The verdict: Playable, but probably not worth breaking the bank over. If the post-Theros Standard metagame is faster, he could be pretty good, but white weenie is currently not the powerhouse it has been in years past.

Jace, Vryn's Prodigy/Jace, Telepath Unbound

Who wants to play this card? Mill decks, and decks that want to abuse delve, so that likely means a U/B shell. And there's plenty of good delve stuff out there – Treasure Cruise comeback, anyone? How easy is it to flip? Pretty simple, assuming it lives long enough. But unlike a Merfolk Looter, he can't trade with something in combat, nor can he swing for damage. And there may be times you want a Looter but end up having to flip him. #firstworldmagicproblems How good is the planeswalker half? Not all that impressive, really. You can shut down one creature (unlike Return to Ravnica Jace, who had a very nice global anti-attacking ability), give something in your graveyard flashback – which would be far more relevant in an environment with more one-mana spells that did something – or an emblem that you'll never get to. Flashback is a much more important ability in environments with cheap instants and sorceries and that want a Snapcaster Mage (Modern and Legacy), not so much in Standard.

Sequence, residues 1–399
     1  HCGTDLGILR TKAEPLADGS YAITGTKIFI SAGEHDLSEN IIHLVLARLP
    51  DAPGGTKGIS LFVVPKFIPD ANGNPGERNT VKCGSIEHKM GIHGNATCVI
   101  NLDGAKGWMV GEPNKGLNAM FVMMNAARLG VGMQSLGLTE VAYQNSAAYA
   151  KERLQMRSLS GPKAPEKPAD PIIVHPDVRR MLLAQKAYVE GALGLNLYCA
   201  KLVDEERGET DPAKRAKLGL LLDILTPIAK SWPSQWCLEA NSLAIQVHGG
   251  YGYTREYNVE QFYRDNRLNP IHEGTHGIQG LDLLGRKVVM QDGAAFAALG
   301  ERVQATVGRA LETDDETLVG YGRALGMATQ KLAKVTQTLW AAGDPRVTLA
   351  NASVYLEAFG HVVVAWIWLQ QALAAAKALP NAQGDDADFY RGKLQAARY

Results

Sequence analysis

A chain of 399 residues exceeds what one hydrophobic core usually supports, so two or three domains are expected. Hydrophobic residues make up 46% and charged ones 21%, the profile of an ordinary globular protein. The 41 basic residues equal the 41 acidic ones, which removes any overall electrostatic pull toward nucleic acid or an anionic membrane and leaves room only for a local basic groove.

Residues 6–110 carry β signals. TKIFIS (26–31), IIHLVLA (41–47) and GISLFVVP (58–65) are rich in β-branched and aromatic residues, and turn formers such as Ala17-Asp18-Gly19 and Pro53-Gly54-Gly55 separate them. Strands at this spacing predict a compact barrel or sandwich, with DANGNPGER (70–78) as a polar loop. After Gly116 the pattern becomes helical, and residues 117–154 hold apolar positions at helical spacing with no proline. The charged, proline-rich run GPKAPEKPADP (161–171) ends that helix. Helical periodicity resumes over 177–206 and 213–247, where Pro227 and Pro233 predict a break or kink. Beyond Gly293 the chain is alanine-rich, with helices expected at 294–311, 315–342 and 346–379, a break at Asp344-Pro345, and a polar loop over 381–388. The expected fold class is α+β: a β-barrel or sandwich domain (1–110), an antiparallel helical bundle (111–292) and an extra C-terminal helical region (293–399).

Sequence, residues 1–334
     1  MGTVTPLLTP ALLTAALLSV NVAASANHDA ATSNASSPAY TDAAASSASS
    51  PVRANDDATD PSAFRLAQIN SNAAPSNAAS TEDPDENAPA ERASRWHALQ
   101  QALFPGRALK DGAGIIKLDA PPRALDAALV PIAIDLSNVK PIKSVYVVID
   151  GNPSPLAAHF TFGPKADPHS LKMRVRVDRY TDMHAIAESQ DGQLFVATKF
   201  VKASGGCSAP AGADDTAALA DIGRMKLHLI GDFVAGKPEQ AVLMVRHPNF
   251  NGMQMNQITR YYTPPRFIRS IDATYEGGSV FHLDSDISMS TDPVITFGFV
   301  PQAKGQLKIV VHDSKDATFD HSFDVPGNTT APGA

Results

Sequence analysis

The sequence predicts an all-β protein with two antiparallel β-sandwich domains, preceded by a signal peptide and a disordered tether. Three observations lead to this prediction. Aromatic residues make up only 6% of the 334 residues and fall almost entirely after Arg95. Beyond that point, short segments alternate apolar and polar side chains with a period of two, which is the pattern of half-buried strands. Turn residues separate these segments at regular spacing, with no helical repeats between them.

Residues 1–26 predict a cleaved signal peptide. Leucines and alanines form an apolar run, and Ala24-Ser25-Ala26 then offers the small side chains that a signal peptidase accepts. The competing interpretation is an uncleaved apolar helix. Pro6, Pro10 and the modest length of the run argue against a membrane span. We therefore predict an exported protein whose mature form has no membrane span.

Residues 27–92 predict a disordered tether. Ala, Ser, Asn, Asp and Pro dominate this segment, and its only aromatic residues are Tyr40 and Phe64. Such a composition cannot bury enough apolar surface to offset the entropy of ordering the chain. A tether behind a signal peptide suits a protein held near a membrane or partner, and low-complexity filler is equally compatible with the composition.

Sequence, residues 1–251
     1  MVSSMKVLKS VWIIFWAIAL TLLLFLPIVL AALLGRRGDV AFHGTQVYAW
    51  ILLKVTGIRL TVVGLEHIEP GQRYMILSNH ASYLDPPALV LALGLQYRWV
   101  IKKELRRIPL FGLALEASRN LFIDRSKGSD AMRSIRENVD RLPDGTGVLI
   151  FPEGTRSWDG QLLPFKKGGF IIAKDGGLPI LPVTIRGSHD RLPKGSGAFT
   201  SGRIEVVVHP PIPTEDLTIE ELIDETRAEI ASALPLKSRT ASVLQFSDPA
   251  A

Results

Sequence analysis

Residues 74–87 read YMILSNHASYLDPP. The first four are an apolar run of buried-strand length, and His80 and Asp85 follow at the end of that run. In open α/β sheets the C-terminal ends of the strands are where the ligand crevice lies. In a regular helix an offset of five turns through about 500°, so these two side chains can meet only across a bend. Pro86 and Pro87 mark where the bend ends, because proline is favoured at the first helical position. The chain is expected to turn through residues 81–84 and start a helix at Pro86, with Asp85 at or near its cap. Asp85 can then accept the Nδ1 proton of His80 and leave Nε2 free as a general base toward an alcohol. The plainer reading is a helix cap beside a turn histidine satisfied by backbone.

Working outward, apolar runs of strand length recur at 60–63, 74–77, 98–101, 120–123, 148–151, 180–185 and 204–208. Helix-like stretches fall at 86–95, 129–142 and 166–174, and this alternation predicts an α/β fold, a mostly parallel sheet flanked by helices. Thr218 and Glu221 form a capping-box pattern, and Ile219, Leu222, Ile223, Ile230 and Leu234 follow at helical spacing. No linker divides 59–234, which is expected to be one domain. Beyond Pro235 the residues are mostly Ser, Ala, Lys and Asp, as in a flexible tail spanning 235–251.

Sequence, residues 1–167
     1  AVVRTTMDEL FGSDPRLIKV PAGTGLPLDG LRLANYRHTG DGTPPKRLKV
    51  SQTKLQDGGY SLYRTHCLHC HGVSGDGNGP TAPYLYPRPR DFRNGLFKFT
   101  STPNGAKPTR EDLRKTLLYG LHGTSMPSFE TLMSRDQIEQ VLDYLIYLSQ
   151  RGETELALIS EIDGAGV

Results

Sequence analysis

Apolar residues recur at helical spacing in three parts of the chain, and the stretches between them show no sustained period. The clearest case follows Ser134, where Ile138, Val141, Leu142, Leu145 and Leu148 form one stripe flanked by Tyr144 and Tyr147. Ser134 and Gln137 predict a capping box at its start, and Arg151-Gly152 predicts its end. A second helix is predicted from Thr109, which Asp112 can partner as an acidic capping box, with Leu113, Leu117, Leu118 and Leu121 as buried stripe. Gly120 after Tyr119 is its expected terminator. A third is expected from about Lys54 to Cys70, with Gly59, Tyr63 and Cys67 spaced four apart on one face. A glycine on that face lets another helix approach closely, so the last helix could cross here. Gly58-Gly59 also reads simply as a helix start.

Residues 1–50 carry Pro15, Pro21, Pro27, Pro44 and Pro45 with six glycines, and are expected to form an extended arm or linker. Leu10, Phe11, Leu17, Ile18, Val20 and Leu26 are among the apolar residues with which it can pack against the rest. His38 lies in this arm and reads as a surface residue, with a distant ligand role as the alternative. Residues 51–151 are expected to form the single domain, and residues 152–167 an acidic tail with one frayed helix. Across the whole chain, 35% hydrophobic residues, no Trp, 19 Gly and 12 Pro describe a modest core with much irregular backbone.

The verdict: Never underestimate a Jace, but this one's far closer to the last unplayable iteration than JTMS.

Liliana, Heretical Healer/Liliana, Defiant Necromancer

Who wants to play this card? That is a very good question. Players have been salivating over wedging Liliana into a Collected Company deck, but without a good sac outlet, she's rather unimpressive. With a sac outlet, she goes from “uninspiring” to “curiously saucy.” How easy is it to flip? This question, again, surmises the existence of something to feed her to, and there's not a plethora of good outlets that I can immediately surmise. So this grades as “incomplete.” Could be simple, could be pointless. Get back to me when the next set comes out. How good is the planeswalker half? In a deck that wants to reanimate things, quite good. Otherwise, not thrilling.

The verdict: The hardest card to examine in a vacuum, and to steal a line from the NBA draft, the biggest “boom or bust” card among the five planeswalkers in Origins. It'll either be a linchpin card of a powerful reanimation strategy – and, remember, we're heading back to Zendikar, home of large annihilating things – or it will be a complete and utter dud. I'm kind of leaning towards the latter.

Chandra, Fire of Kaladesh/Chandra, Roaring Flame